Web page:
I recently shared on Facebook one of my favorite political quotes.
This quote is very relevant to a piece of legislation that has components both sides of the political aisle should be opposed to. It’s being couched in outcomes that we might feel good about, but the actual implementation it suggests does not in any way remedy what “we the people” would really want.
I thought I would write a little about it not just to raise awareness, but I’m asking for help from everyone on both sides of the political aisle to get involved. The bill is HR1, and while it is cleverly titled “For the People Act,” I believe you will see it is really only for the politicians in DC (and for those who want to run for office). If this bill is passed in its current form, here are a few things that will happen:
#1. It will fund political campaigns with taxpayer dollars. For every political contribution a politician raises that is $200 or less, it will be matched with an additional bonus of taxpayer dollars 6-to-1. So if a candidate gets 1,000 people to donate $200, every taxpayer will be contributing towards a ‘match’ of $1.2 million. I think it’s safe to say none of us want to be forced into funding candidates we are completely opposed to with our tax dollars.
#2. Along with what I mentioned above, it would also establish a new voucher pilot program that grants eligible voters a $25 voucher to donate to whatever campaign they want. (this link doesn’t seem to be taking you to the actual section, so when you get to the page just search for “My Voice Voucher”) I get the appeal of this on the surface as it sounds noble. But if the goal is we want to address money in politics, and if we are wanting to level the playing field, let’s propose legislation that actually addresses the problem head-on. The notion of federal funding of campaigns through taxpayers is about as un-American as it comes.
#3. It allows candidates to expand their salary from their campaigns. Our taxes already pay Congress their salary, they shouldn’t be allowed to double-dip on our dime. Currently, candidates are not allowed to expense those items they would already have if they weren’t running for office. HR1 does away with this restriction in a number of categories, expands the list to include expenses for their dependents, and again this comes out of taxpayers’ funds. (this link doesn’t seem to be taking you to the actual section, so when you get to the page just search for “Personal Use Services As Authorized Campaign Expenditures”) This is such a perverse incentive to encourage aspiring politicians to be professional candidates.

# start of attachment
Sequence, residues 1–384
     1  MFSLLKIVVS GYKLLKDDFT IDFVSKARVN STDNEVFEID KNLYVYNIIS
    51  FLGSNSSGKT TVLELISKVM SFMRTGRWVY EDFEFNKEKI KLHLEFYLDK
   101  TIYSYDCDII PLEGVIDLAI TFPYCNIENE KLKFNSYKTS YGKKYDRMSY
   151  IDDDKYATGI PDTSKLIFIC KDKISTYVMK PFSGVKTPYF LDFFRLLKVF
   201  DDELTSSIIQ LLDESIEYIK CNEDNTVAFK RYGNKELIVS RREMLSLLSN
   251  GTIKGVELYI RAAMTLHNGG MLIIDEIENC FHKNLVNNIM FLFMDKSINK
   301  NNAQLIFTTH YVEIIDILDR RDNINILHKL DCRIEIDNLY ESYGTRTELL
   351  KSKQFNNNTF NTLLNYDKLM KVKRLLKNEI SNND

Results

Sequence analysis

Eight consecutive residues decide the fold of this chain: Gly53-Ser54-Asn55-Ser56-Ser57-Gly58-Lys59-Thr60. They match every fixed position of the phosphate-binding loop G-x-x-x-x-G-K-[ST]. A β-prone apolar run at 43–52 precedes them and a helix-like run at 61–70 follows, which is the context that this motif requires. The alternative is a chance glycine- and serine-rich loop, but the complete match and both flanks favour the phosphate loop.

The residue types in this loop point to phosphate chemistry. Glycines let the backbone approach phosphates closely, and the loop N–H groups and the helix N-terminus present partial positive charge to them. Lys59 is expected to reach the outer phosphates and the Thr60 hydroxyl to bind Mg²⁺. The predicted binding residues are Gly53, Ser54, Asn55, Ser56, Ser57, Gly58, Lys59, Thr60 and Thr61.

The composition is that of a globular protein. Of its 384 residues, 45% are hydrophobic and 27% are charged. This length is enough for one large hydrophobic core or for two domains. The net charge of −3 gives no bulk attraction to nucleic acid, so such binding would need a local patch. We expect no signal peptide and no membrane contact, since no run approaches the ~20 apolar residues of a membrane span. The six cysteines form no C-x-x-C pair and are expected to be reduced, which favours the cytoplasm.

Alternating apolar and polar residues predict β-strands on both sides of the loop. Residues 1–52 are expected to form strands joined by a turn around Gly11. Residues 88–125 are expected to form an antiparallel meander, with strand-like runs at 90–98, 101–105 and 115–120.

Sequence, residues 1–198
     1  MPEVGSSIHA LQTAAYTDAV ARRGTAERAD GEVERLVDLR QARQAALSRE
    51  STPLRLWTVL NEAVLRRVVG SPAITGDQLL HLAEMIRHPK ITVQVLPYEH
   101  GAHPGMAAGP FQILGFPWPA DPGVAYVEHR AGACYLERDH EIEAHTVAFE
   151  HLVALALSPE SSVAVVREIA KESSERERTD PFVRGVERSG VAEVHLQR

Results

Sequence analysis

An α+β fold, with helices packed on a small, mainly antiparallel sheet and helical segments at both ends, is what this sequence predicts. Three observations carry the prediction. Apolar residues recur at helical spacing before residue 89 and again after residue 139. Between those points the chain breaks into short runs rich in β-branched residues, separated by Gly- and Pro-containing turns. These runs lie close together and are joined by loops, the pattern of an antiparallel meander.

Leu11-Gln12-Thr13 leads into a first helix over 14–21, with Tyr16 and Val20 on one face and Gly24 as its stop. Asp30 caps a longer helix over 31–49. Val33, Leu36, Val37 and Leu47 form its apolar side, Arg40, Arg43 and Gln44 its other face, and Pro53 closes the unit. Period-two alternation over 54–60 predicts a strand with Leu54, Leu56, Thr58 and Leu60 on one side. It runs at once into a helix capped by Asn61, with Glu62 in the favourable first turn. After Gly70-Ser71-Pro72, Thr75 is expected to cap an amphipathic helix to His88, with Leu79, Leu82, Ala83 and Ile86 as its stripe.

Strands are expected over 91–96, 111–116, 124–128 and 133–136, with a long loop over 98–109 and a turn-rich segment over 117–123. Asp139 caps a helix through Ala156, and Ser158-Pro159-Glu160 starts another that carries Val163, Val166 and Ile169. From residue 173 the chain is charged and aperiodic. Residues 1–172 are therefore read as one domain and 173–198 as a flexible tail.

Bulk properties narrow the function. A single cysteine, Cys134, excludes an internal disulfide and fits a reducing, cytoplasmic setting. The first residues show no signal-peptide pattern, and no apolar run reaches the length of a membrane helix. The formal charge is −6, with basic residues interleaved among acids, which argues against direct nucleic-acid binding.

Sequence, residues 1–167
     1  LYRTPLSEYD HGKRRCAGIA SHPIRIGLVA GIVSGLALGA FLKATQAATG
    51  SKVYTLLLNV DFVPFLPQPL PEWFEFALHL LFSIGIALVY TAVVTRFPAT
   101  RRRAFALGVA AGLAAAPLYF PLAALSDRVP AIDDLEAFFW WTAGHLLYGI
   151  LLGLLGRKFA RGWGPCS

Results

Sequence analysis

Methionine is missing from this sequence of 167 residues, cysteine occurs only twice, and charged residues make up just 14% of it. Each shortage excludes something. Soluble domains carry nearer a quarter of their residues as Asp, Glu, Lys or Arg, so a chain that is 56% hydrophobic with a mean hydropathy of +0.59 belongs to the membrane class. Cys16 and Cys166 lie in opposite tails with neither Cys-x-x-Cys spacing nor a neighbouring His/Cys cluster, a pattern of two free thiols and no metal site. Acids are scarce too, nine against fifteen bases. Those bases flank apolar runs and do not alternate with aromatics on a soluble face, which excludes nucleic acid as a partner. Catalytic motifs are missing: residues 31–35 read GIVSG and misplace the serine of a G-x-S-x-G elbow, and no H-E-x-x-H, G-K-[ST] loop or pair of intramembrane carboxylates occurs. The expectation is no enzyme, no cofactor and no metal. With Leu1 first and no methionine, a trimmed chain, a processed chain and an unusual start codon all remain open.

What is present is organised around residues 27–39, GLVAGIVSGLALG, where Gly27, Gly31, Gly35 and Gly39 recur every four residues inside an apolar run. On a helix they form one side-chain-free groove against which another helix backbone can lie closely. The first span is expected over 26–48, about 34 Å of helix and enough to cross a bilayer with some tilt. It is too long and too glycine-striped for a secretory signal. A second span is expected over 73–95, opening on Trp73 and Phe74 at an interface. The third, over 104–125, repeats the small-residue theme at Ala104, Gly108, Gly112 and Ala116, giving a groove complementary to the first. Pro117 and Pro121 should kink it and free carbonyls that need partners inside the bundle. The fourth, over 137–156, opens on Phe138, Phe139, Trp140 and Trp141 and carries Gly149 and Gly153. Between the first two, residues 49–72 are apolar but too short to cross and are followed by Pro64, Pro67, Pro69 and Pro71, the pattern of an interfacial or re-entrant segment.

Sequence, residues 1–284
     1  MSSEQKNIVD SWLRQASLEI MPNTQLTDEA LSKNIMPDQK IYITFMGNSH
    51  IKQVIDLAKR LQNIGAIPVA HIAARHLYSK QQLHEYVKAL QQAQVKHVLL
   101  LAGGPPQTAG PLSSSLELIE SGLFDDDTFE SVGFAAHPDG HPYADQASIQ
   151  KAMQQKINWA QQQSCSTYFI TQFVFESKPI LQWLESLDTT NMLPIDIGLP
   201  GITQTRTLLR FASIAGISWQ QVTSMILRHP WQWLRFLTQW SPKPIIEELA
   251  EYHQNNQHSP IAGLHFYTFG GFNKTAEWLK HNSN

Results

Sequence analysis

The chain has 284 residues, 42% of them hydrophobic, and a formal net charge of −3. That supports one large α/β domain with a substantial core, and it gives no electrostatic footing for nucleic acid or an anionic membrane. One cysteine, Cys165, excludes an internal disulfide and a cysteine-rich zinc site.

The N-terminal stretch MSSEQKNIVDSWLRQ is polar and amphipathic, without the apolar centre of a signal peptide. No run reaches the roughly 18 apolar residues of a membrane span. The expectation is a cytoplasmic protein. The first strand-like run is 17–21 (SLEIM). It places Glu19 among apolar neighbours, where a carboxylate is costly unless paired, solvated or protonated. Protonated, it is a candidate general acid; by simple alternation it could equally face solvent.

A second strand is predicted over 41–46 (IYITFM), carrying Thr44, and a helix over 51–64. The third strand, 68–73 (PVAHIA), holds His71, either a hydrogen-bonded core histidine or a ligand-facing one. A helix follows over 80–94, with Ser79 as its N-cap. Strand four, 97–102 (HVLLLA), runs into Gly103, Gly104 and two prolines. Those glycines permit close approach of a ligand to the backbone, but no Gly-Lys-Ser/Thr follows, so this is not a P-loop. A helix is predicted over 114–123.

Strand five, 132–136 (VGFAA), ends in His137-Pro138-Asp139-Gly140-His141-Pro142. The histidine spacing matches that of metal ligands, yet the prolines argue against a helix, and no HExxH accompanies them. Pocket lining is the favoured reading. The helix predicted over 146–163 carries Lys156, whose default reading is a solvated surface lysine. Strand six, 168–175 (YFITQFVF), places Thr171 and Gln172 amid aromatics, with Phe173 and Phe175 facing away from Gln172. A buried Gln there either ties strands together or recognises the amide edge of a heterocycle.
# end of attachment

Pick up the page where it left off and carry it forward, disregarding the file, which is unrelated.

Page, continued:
#4. It will weaponize the Federal Election Commission and turn it into a partisan organization. Currently, the FEC is a bipartisan organization as it consists of six members, three from each party. HR 1 looks to change this, reducing the total number of members from 6 to 5. (this link doesn’t seem to be taking you to the actual section, so when you get to the page just search for “Membership of Federal Election Committee”) This would always give one party the majority and allow them to control the FEC for their party’s benefit. This may sound good when your party is in power, but do you trust the “other” party to be fair regarding voting rules when they are in control? We need more things to be bipartisan, not less.
As I mentioned earlier, there are plenty of other reasons to oppose it, but these are, in my opinion, the most egregious across the political spectrum. If you are in agreement, please share this info on social media, and reach out to your politicians to let them know you oppose this bill.
If you aren’t sure how to contact your representatives, I’ve provided the links below to look up their contact info: